Biological Inorganic Chemistry

Research within this theme focuses on the functions and applications of metal ions in biological systems. Main areas of interest include: metalloprotein structure, function and mode-of-action, especially of biomass-degrading enzymes, such as lytic polysaccharide monooxygenases and hydrogenases, siderophore-binding proteins and artificial metalloenzymes. New antimicrobials are a target of research into siderophore-conjugates, CO-releasing molecules and redox-active bacterial enzymes. A wide range of techniques are used to interrogate proteins, most notably structural methods, magnetic spectroscopy, electrochemistry and small molecule models. On a whole organism scale, diagnostically-resolved magnetic resonance imaging is being utilised to monitor in situ drug metabolism via hyperpolarisation methods that utilise molecular catalysts. These techniques are augmented with DFT computational theory, genomic discovery, chemical and molecular biology. Further information about this theme can be found on the Inorganic chemistry page.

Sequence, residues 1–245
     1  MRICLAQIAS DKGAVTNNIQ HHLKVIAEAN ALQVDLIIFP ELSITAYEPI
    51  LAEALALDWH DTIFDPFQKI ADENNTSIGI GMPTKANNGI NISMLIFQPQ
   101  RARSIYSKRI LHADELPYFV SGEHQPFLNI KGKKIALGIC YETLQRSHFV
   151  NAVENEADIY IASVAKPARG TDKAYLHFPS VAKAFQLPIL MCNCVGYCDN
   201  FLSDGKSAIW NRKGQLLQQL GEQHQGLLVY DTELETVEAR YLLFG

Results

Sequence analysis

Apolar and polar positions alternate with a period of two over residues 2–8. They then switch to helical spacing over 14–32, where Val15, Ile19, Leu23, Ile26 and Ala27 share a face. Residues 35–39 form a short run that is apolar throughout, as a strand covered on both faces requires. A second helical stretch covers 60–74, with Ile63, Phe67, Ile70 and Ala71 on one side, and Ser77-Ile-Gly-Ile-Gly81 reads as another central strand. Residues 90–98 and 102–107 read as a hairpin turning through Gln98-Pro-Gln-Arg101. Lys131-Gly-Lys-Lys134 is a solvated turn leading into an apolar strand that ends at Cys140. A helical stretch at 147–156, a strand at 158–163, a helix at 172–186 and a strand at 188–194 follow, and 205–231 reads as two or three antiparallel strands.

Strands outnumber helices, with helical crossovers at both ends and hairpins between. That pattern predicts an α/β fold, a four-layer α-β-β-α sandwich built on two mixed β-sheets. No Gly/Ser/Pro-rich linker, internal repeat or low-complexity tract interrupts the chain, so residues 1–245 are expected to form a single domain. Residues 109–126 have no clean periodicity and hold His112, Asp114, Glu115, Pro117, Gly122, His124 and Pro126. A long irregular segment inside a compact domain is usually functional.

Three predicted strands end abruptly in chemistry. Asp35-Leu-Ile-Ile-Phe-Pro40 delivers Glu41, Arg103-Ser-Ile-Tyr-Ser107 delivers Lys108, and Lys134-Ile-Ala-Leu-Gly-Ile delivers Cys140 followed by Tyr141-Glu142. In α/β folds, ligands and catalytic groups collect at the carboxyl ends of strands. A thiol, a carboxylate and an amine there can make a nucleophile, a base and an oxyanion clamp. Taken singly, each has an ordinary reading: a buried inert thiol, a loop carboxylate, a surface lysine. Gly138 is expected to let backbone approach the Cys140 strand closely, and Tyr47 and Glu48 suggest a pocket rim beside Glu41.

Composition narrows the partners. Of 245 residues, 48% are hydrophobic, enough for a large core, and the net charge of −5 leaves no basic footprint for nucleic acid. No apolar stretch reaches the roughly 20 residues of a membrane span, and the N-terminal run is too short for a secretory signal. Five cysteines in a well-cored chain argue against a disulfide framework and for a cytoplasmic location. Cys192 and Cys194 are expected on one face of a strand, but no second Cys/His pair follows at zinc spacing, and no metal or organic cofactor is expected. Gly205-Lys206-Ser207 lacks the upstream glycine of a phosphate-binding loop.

The biological inorganic chemistry group has strong links with YSBL and the Department of Biology.

People

  • Gideon Davies - Structural enzymology and carbohydrate chemistry
  • Simon Duckett - Organometallic chemistry and reaction mechanisms
  • Anne Duhme-Klair - Metal ions in biology and medicine
  • Ian Fairlamb - Transition metals in synthesis, catalysis and chemical biology: reactivity, mechanism and applications
  • Jason Lynam - Transition metal and main group chemistry
  • Alison Parkin - Electrochemical insights into redox-active metalloproteins, bacterial metabolism and catalysis
  • Paul Walton - Bioinorganic chemistry